In the morning, I could see his tracks still in the snow as I walked to town myself. I half wished he had walked in the road so I wouldn’t see them, because I was afraid that they would just stop somewhere along the way. But they didn’t. I followed them all the way to Miryem’s house, and Sergey was there at the table eating a bowl of nut-smelling hot kasha. It made my stomach hungry, too. We didn’t eat breakfast at our house anymore. There wasn’t enough food.

“Everything was quiet all night,” he said to me, and I took the basket and went out to the hens. There was a whole heel of bread in the basket, the middle of it still soft. I ate it and then I went to the hens, but they didn’t come out to meet me.

Slowly, I went closer. There were tracks all around the coop. The hoof like a deer, but big, with claws. The little window at the top, that I had closed yesterday when I left, was opened wide as if something had put its nose in. I bent down and put my hand inside the coop. The hens were there, sitting all together, crouched with their feathers all fluffed big. There were only three small eggs, and when I brought them out, one of them had a grey shell, pale whitish grey like ash in a fireplace.

I threw the grey one away into the forest as hard as I could and thought of brushing away the tracks and pretending I had not seen them. What if the moneylender told Sergey not to come again, because he had not kept away the Staryk? Maybe they would send me away, too. And if I brushed the snow clean, I would forget the tracks myself, just like I had yesterday. It would almost be as though they hadn’t been there at all. I went and got the broom that I used to sweep the yard. But it was leaning against the side of the house, and when I went to take it, I saw the boot marks. There were many of them. The Staryk had come to the back of the house, the same one with the pointed boots, and he had walked back and forth along the wall three times, right there where they slept.

Chapter 5

Wanda’s brother wasn’t much more than a boy: tall and broad and raw, a half-starved horse with his big bones poking out at elbows and wrists. When he arrived for the first time that evening, he said without looking up that his father would let him come if we gave him supper and breakfast, and when he sat down at the table, I could see Gorek was no fool to set those terms: he ate like a wolf. We might as well have doubled his wages, with the price of food going as it was. But I didn’t say anything, even when my mother gave him another piece of bread and butter. My parents had moved my bed into their room, and they gave Sergey a pair of blankets to sleep on in its place.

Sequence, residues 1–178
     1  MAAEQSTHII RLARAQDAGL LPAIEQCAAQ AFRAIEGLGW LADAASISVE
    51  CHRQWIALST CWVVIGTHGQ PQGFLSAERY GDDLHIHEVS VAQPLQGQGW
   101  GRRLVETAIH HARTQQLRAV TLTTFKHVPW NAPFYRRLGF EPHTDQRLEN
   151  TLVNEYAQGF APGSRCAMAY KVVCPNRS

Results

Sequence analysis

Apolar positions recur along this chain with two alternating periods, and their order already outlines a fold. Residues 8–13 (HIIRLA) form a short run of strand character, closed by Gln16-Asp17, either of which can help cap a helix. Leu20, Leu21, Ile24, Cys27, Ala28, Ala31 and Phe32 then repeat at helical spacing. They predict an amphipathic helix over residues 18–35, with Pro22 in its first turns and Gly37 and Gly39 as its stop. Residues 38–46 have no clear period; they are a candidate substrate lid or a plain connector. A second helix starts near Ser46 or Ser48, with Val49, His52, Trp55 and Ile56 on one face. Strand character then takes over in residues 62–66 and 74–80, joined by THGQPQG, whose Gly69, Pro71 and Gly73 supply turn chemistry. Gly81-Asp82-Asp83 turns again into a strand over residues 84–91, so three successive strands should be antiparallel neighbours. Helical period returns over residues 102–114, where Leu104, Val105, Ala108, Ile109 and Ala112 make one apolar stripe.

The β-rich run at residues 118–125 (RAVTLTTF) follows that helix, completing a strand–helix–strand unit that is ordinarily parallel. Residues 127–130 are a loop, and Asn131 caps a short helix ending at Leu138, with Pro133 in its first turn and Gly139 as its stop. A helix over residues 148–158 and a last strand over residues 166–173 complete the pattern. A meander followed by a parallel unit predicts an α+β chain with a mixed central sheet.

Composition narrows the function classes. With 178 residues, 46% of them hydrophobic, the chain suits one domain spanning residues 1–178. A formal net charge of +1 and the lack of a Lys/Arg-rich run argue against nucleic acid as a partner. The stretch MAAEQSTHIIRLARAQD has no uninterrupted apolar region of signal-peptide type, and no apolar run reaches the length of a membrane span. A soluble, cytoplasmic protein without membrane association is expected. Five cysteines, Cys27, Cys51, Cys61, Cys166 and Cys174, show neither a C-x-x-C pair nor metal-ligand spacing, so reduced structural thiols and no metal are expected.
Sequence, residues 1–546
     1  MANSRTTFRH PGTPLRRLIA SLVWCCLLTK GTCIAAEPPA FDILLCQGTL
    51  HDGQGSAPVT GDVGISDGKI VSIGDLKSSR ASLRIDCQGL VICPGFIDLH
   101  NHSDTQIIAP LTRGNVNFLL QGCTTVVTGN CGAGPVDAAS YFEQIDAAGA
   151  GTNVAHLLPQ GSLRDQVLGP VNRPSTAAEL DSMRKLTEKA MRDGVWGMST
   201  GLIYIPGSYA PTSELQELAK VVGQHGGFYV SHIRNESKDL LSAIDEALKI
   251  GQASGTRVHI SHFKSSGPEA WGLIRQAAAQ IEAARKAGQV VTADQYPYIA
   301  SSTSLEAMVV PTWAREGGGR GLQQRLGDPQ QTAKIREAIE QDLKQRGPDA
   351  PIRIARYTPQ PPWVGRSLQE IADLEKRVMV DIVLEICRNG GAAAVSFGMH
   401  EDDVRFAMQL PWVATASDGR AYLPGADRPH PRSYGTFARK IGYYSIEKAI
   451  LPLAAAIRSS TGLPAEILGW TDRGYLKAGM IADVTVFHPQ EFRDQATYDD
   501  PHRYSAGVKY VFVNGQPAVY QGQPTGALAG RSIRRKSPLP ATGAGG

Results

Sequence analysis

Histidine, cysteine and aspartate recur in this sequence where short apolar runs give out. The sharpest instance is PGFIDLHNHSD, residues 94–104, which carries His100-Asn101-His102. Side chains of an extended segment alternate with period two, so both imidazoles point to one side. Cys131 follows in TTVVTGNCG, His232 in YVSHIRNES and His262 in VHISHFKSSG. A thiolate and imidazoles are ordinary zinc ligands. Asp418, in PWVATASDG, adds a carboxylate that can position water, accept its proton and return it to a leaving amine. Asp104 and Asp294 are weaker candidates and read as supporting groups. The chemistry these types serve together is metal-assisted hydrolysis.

I woke up in the dark middle hours. My father was going into the living room, and the door was creaking open, letting in a gust of biting air. I heard Sergey stamping snow off his boots, and he said to my father briefly, “Everything is quiet.”

“Go back to sleep, Miryem,” my mother said softly. “Sergey was only looking around outside.”

I opened my eyes twice more at night to the sound of him going out and the sharp lick of the cold air, but I closed them again right away afterwards. Nothing happened. We rose in the morning and began cooking the kasha for breakfast. Sergey was outside hammering posts into the ground, to make a pen that would keep goats in. The Staryk road was still there in the trees, but when I peered at it from the window I thought maybe it was a little farther away. It was a grey cold day, and the sun did not come out, but the road glittered anyway. Some of the village boys were outside the village past our house, daring each other to try and throw a rock onto the Staryk road, or to touch it; I could hear their gleeful high voices taunting each other.

Wanda came while her brother was still at the table eating, and went out with the basket for the hens. She came back with the basket almost empty, only two eggs, though we had nine laying hens now. She set it on the table and we all looked at them. The eggs were small, the shells very white, and then she said abruptly, “There are more tracks behind the house.”

We went and looked at them. I recognized them when I saw them, although I had already forgotten what they looked like: until Wanda said anything, I had half forgotten they had ever been there at all. The long-toed boots had prowled round the back wall of the bedroom, back and forth three times, and the cloven-hooved animal had been standing beside the coop, leaving marks all over the snow around it like a fox sniffing round to find a hole to get in. The hens were all huddled together inside in a single feathery heap.

“I looked, I swear!” Sergey said, but my father said, “Never mind, Sergey.” Wanda brushed the yard, and we threw the two eggs into the midden. My mother’s arm was tight around my shoulders as we went back into the house.

Sergey went back to his father’s farm, and Wanda did the cleaning and went for water. I didn’t forget about the footprints again, even though I wanted to, but when Wanda came in, I stood up and said, “Come, we’re going to market,” and went for my shawl, as if there hadn’t been anything strange or out of the ordinary about the day. When we went out, I kept my back turned to the woods. The wind at my heels was cold, curling fingers up under the long hem of my dress. I didn’t turn to look and see if the silver glimmer of the Staryk road was still there.